Feb
18
Filed Under (Data Analysis, program evaluation) by Molly on 18-02-2011

Hello, readers.  This week I’m doing something different with this blog.  This week, and the third week in each month from now on, I’ll be posting a column called Timely Topic.  This will be a post on a topic that someone (that means you reader) has suggested.  A topic that has been buzzing around in conversations.  A topic that has relevance to evaluation.  This all came about because a colleague from another land grant institution is concerned about the dearth of evaluation skills among Extension colleagues.  (Although this comment makes me wonder to whom this colleague is talking, that question is content for another post, another day.)  So thinking about how to get core evaluation information out to more folks, I decided to devote one post a month to TIMELY TOPICS.  To day’s post is about “THINKING CAREFULLY”.

Recently, I’ve been asked to review a statistics text book for my department. This particular book uses a program that is available on everyone’s computer.  The text has some important points to make and today’s post reflects one of those points.  The point is thinking carefully about using statistics.

As an evaluator–if only the evaluator of your own programs–you must think critically about the “…context of the data, the source of the data, the method used in data collection, the conclusions reached, and the practical implications” (Triola, 2010, p. 18).  The author posits that to understand general methods of using sample data; make inferences about populations; understand sampling and surveys; and important measures of key characteristics of data, as well as the use of valid statistical methods, one must recognize the misuse of statistics.

I’m sure all of you have heard the quote, “Figures don’t lie; liars figure,” which is attributed to Mark Twain.  I’ve always heard the quote as “Statistics lie and liars use statistics.”  Statistics CAN lie.  Liars CAN use statistics.  That is where thinking carefully comes in–to determine if the statistical conclusions being presented are seriously flawed.

As evaluators, we have a responsibility (according to the AEA guiding principles) to conduct systematic, data-based inquiry; provide competent performance; display honesty and integrity…of the entire evaluation process; respect the security, dignity, and self-worth of all respondents; and consider the diversity of the general and public interests and values.  This demands that we think carefully about the reporting of data.  Triola cautions, “Do not use voluntary response sample data for making conclusions about a population.”  How often have you used data from individuals who decide themselves (self-selected) whether to participate in your survey or not?  THINK CAREFULLY about your sample.  These data cannot be generalized to all people like your respondents because of the bias that is introduced by self-selection.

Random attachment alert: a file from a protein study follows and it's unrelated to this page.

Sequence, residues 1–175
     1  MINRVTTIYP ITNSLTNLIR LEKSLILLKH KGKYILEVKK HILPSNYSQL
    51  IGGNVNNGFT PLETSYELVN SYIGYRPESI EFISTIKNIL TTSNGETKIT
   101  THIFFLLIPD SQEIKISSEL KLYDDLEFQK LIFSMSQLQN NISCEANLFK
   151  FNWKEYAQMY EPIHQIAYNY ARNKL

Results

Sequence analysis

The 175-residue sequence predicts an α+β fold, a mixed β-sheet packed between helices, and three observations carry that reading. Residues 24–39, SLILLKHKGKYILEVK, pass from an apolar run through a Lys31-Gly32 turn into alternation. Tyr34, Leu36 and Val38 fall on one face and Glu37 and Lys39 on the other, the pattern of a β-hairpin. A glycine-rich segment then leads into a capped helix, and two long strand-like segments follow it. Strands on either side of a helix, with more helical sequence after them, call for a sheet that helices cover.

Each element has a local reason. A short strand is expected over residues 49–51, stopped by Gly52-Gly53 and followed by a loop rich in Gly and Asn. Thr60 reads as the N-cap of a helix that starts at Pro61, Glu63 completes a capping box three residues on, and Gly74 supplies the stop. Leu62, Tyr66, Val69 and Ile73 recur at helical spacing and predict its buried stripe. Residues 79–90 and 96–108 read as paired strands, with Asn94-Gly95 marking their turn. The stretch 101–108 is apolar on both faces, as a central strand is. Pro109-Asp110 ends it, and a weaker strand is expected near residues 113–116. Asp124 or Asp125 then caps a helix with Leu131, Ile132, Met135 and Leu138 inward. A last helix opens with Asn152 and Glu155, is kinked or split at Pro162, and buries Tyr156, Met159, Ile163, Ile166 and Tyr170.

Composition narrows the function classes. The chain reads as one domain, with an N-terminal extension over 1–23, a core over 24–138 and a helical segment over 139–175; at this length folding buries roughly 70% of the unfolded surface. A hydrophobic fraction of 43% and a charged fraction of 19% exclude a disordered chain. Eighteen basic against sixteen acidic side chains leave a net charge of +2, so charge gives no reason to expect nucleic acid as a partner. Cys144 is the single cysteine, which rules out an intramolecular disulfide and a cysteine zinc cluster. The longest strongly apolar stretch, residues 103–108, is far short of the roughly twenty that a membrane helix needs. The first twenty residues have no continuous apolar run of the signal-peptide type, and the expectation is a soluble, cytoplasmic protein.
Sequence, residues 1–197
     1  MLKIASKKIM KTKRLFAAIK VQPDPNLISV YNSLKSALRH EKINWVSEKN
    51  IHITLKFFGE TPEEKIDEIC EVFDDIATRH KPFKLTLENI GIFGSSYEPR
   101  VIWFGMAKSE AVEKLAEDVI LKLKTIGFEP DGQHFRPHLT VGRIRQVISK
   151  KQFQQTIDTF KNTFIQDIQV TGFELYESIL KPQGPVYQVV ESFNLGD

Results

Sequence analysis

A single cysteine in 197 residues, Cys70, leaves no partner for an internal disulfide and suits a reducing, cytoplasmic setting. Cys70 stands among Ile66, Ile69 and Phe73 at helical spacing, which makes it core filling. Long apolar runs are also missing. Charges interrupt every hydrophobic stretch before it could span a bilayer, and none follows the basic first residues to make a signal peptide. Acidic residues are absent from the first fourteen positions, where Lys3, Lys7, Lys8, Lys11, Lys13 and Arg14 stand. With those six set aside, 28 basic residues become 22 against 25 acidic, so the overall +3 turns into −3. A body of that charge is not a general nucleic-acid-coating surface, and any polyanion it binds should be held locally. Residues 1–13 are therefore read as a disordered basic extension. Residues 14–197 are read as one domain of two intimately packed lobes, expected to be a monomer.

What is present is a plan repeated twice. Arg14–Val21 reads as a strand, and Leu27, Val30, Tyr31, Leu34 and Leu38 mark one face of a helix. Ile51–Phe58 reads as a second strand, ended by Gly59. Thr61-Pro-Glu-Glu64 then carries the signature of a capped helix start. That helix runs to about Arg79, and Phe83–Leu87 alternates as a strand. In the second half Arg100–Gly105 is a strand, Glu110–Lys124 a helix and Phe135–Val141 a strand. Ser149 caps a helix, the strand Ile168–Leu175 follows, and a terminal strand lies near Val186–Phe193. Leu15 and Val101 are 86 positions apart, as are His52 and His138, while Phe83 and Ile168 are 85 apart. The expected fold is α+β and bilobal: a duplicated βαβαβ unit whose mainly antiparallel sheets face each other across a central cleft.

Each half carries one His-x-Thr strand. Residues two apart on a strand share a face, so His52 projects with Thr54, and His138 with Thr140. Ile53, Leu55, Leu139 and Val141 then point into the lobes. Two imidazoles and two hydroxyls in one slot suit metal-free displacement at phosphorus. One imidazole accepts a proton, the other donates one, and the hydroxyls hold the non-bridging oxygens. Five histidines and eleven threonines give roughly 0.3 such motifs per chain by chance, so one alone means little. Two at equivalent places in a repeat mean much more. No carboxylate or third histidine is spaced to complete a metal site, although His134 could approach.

Other examples of misuse of statistics include

  • using correlation for concluding causation;
  • reporting data that involves a sponsors product;
  • identifying respondents inappropriately;
  • reporting data that is affected with a desired response bias;
  • using small samples to draw conclusions for large groups;
  • implying that being precise is being accurate; and
  • reporting misleading or unclear percentages. (This cartoon was drawn by Ben Shabad.)

When reporting statistics gathered from your evaluation, THINK CAREFULLY.

Feb
16
Filed Under (Data Analysis) by Molly on 16-02-2010

Statistically significant is a term that is often bandied about. What does it really mean? Why is it important?

First–why is it important?

It is important because it helps the evaluator make decisions based on the data gathered.600px-FUDGE_4dF_probability.svg

That makes sense–evaluators have to make decisions so that the findings can be used. If there  isn’t some way to set the findings apart from the vast morass of information, then it is only  background noise. So those of us who do analysis have learned to look at the probability level (written as a “p” value such as p=0.05). The “p” value helps us determine if something is true, not necessarily that something is important.

probability of occurringSecond–what does that number really mean?

Probability level means–can this  (fill in the blank here) happen by chance? If it can occur by chance, say 95 times out of 100, then it is probably not true.  When evaluators look at probability levels, we want really small numbers. Small numbers say that the likelihood that this change occurred by chance (or is untrue) is really unlikely. So even though a really small number occurs (like 0.05) it really means that there is a 95% chance that this change did not occur by chance and that it is really true. You can convert a p value by subtracting it from 100 (100-5=95; the likelihood that this did not occur by chance)

Convention has it that for something to be statistically significant, the value must be at least 0.05. This convention comes from academic research.  Smaller numbers aren’t necessarily better; they just confirm that the likelihood that true change occurs more often. There are software programs (Statxact for example) that can compute the exact probability; so seeing numbers like 0.047 would occur.2007-01-02-borat-visits-probability

Exploratory research (as opposed to confirmatory) may have a higher p value such as p=0.10.This means that the trend is moving in the desired direction.  Some evaluators let the key stakeholders determine if the probability level (p value) is at a level that indicates importance, for example, 0.062. Some would argue that 94 time out of 100 is not that much different from 95 time out of 100 of being true.

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